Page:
Lions Camp Horizon celebrates 50th anniversary


Lions Camp Horizon is celebrating 50 years of providing community for campers of all ages with developmental and physical disabilities.

The overnight camp has grown from serving 17 campers in its first year to hosting about 300 annually at Bay Horizon Park in Birch Bay. The one-week camp is offered over six sessions from early July through mid-August for campers 12 years old and above – the oldest being 85 years old. 

Most of the campers are from Whatcom County or the surrounding counties, with some traveling as far as B.C. and Oregon to partake in summer activities such as horseback riding, tethered hot air balloon rides, archery, bowling, arts and crafts, campfire talks and a talent show. 

The Lynden Jaycees, a now defunct group, founded Camp Horizon in 1974 and ran the nonprofit in Army National Guard tents at the Lynden fairgrounds and then the Nooksack Bible Camp area until the Lynden Lions Club took it over in 1981. 

Rich Kaiser, former president of the Camp Horizon Foundation, said the Lions Club was looking for a better location for the camp when it stumbled upon the old Blaine Air Force Station that the Whatcom County Parks and Recreation Department had acquired but couldn’t afford to maintain. Viewing it as the perfect location near activities like rollerblading and going to the beach, the group held work parties every weekend gearing up for the first camp there.

“We hobbled it together enough to get approval in 1985,” Kaiser said. “We just looked at it year by year and kept going at it.”

Kaiser volunteered as foundation president for 21 years, spending vacation days from work preparing for the camp, until 2001. Kaiser said he still has campers who call him occasionally and sees campers at events regularly who are always eager to reminisce.

Blaine resident Courtney Budde, 45, started attending camp at 23 years old. Budde said some of her favorite things about camp include the counselors, arts and crafts, and the weekly talent show.   

“Making beading,” Budde said of her favorite camp memory. “That sounds like fun.”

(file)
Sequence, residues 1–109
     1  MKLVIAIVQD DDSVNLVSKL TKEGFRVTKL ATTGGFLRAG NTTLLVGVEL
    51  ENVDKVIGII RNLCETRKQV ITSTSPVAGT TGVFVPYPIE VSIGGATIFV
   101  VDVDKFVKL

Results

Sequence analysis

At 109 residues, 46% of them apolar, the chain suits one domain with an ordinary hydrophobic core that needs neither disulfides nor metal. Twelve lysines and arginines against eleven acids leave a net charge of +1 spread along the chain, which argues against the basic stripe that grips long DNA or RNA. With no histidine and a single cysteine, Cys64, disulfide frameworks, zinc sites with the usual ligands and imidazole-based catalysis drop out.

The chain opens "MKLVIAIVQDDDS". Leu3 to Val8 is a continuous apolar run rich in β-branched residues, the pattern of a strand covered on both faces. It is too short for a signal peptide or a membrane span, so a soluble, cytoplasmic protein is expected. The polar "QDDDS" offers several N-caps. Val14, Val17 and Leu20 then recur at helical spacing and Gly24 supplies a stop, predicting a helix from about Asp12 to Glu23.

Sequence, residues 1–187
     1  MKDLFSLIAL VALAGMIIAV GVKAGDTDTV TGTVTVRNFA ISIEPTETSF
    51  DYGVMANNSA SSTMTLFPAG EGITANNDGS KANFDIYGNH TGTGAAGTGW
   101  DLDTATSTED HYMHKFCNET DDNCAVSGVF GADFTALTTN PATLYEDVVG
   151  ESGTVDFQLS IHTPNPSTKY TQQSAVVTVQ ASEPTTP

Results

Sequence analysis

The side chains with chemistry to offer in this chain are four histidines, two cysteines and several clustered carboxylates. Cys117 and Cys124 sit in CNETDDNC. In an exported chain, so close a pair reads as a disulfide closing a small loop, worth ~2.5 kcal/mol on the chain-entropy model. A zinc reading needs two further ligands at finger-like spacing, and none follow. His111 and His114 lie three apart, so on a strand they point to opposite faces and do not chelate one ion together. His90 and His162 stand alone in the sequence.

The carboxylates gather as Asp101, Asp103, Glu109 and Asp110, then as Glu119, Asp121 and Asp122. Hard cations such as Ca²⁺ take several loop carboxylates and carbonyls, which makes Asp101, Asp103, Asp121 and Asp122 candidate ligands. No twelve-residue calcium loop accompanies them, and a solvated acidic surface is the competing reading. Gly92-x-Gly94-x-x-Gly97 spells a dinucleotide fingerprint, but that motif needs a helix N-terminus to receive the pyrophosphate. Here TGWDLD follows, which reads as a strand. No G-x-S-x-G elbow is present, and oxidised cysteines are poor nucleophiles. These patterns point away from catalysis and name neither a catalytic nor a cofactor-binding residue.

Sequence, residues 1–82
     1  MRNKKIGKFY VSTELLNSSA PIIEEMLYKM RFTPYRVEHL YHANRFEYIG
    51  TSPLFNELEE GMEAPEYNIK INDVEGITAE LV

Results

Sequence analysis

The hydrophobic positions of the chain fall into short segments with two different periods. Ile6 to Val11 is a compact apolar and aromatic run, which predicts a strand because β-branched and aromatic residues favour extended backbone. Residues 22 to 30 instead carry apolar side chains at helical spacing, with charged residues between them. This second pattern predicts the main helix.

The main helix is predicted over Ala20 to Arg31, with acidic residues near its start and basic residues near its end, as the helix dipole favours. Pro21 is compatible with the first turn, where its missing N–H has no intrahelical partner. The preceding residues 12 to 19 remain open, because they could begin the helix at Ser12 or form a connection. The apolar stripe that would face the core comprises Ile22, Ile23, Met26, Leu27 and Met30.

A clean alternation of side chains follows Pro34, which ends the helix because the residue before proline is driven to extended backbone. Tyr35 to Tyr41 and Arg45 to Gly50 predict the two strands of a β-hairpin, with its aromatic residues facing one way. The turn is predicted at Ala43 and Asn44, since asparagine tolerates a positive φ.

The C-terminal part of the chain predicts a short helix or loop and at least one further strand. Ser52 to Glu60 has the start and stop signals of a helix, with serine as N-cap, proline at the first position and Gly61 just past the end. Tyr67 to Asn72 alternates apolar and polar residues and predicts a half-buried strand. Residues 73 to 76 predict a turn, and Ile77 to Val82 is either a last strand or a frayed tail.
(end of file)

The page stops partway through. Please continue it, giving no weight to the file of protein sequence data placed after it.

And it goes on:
Budde’s mom, Velina Winchell, said Budde always frames her the talent show awards when she comes home. She and Budde will build excitement for next year’s camp by talking about it and driving around the camp property.

“We’re always thinking about it,” Winchell said. 

Winchell said very few camps like Camp Horizon exist, and even then, they often are not held consistently. The camp, Winchell said, gives her the ability to have a break as a caretaker and allows Budde the opportunity for independence. 

“I don’t have to worry while she’s there. I know she’s in very good hands and enjoying it,” Winchell said. “I know that she’s comfortable and that makes me comfortable so I can enjoy the time off.”

Christina Thomas said she started volunteering at 12 years old after falling in love with the camp while visiting her older sister working as a counselor. Thomas now has 16 years under her belt as a camp counselor and works as a special education teacher herself.

“It felt like home. It felt like everyone had a place,” Thomas said. “There’s a sense of community for both the campers and the staff.”

Many campers come back year after year, with a few who have been attending since 1974.

“Camp is really great at opening the eyes of the community that it’s involved with and opening the hearts of anyone who becomes involved,” Thomas said. “It’s a loving nudge in the correct direction of reminding us that we’re all human beings.”

Don Webster took over as foundation president shortly after becoming involved with the camp in 2005. Webster volunteers 40 hours of his week, 12 months per year to prepare for the camp. 

“You can really see the impact of what you’re doing,” Webster said. “There’s nothing else I want to do with my free time. My pay is being here.”

The camp is powered by volunteers, not all of whom are Lions Club members, who support the camp through providing entertainment, preparing meals and staffing the first aid tent, among other tasks.

The volunteers work to create a memorable experience for the campers, Webster said.

“What we might think are little things can give some people great pleasure because it’s not something they normally get to do,” he said.


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